The Uncles are sitting in the De Soto, smoking.
“We need to go to the hotel, Uncle Tam,” I request nicely. They look at us, see Patti and quickly look alarmed. We all pile into the back, with Patti in the middle, Casper’s on her lap and Jack and me on either side with our arms around her.
She shifts her legs and asks, “Who’s pushing down on my legs?”
“Oh, that’s Casper. If you feel him, it means you have an open heart.”
“Like, The Friendly Ghost?”
“That’s what we call him. Most people don’t notice him. You’re special for feeling him.”
“He’s a ghost?”
“Yeah, we’re the Three Musketeers.”
“Stop the car,” she orders. “No way I’m hanging out with a ghost.”
I look over and see Casper still on her lap.”
“Well, now you’ve done it. You hurt his feelings. I’ll bet you don’t feel nothin’ now.”
“You’re right. What kind of trick is that?”
“More like a test to see how open-hearted you are.”
“Well, did I pass the test?”
“Definitely, but you also can be closed up, when you wanna be.”
“You guys are too full of yourselves, with antics and pranks. Maybe you’re too immature for a woman.”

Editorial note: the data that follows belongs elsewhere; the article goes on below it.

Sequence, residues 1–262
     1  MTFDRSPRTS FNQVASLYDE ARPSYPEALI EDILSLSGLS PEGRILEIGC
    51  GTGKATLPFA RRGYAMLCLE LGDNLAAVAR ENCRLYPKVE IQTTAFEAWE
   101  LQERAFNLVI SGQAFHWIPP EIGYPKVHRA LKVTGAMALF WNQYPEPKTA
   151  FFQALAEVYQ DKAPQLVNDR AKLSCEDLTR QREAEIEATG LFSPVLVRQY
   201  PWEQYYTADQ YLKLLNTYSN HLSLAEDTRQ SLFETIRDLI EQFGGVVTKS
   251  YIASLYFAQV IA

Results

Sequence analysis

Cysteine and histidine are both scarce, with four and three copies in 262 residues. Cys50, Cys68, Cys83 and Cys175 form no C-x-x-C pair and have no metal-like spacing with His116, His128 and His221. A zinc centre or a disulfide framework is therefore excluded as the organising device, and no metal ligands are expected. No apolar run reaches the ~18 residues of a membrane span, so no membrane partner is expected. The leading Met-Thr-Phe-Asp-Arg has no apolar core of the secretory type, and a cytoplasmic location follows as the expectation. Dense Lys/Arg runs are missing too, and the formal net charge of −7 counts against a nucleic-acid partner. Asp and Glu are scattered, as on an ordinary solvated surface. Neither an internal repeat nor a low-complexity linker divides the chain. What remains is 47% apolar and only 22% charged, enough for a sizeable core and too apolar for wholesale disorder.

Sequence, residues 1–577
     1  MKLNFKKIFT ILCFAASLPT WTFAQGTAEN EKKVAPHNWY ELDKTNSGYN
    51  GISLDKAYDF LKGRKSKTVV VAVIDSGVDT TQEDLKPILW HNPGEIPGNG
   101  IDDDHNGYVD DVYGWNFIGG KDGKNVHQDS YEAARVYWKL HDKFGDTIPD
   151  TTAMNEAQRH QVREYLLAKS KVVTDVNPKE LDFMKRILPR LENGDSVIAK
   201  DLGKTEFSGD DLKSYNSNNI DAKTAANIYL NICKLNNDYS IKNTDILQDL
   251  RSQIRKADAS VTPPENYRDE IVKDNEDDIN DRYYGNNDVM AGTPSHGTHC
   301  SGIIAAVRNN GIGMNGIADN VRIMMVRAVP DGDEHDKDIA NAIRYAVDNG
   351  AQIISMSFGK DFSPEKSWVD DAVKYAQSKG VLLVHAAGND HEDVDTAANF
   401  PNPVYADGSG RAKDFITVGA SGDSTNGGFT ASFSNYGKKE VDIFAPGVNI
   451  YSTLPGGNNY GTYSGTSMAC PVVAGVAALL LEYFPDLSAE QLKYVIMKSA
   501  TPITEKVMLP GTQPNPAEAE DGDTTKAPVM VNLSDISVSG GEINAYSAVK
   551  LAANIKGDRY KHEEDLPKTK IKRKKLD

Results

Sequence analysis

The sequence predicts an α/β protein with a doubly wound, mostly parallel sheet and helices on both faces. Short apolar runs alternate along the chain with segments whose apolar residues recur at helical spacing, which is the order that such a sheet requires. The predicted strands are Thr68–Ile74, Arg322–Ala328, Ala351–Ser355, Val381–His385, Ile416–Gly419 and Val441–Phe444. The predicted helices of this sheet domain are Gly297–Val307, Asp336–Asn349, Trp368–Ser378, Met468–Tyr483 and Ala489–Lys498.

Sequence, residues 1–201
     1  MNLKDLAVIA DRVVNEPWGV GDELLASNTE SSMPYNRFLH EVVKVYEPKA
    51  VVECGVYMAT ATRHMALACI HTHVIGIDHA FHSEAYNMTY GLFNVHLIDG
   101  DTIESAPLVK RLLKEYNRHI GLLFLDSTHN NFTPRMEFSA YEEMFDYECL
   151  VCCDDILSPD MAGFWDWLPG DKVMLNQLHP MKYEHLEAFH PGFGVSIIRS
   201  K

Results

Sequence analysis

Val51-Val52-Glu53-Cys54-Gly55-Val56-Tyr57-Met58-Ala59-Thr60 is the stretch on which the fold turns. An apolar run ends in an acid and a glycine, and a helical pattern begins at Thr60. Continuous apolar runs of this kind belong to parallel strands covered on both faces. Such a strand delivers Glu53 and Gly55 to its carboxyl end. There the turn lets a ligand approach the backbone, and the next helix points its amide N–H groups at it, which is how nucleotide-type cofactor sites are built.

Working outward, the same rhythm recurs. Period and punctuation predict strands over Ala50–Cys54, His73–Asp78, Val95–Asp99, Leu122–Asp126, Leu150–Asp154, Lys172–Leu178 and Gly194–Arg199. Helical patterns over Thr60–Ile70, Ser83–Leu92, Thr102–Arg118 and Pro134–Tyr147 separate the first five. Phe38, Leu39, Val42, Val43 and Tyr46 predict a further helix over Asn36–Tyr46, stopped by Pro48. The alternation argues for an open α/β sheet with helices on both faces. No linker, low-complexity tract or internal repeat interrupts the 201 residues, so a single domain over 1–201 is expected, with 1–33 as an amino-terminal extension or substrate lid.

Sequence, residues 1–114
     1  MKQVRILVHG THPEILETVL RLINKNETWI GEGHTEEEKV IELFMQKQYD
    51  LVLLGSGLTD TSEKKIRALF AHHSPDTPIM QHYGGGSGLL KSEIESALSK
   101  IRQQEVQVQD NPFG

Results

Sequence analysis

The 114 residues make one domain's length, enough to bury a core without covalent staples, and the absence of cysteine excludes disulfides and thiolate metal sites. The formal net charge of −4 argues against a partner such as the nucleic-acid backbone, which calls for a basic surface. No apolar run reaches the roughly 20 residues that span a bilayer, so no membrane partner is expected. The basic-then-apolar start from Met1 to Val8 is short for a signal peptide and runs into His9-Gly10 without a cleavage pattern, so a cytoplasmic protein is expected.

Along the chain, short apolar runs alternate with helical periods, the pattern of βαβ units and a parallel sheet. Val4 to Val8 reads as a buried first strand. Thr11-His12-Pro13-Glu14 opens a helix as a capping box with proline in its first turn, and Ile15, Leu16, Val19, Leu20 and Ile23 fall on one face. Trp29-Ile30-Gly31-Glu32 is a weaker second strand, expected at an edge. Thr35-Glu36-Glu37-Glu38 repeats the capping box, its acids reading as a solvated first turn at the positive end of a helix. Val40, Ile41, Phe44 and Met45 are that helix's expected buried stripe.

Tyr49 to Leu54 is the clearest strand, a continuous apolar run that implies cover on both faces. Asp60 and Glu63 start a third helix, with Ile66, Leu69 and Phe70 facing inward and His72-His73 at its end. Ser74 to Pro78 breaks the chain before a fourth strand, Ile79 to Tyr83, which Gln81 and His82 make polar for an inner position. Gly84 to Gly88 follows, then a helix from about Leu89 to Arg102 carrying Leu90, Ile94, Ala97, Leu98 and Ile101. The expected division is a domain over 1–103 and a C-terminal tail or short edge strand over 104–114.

“Oh, please Missy Patti, we want you to stay.” We both cry.
“Well, alright. But no more ghost talk.”
Casper is sulking in the corner.
“Onward, Uncle Tam. The lady has relented.”
At the hotel, the desk clerk is used to seeing Patti there. We go right up to our room and sit around, telling her our stories about the band. She cries when I tell her about Jace’s murder. Casper comes and sits with us, careful not to touch her as she is sensitive about him.
Hippie comes in and sits with us.
“Let’s go over and get a joint from Robby?” I suggest.
In the hall I ask if he can sleep in the other room. He’s glad to see us showing interest in a girl for once.
Once Jack gets high, he can’t stop himself from making moves on me. Patti is enjoying the show, so I motion for her to sit on our bed. Jack needs no more encouragement.
“You just wanna watch us get it on, or join in, too?” I ask in my direct way.
She moves in between us and puts her hands down our jeans, finding us both fully aroused.
“What have we here,” she smiles.” Mr. big and fatty and Mr. long and pointy. How can we make this all work?”
I slip my jeans and briefs down. All four of us are fucking like a clockwork orange. Patti has a short fuse. I count at least three maybe five orgasms before any of the guys are even close. Her Farrah Fawcett red hair is now stringy from sweat as she whips her head back and forth. I fall backwards with all three of them on top of me.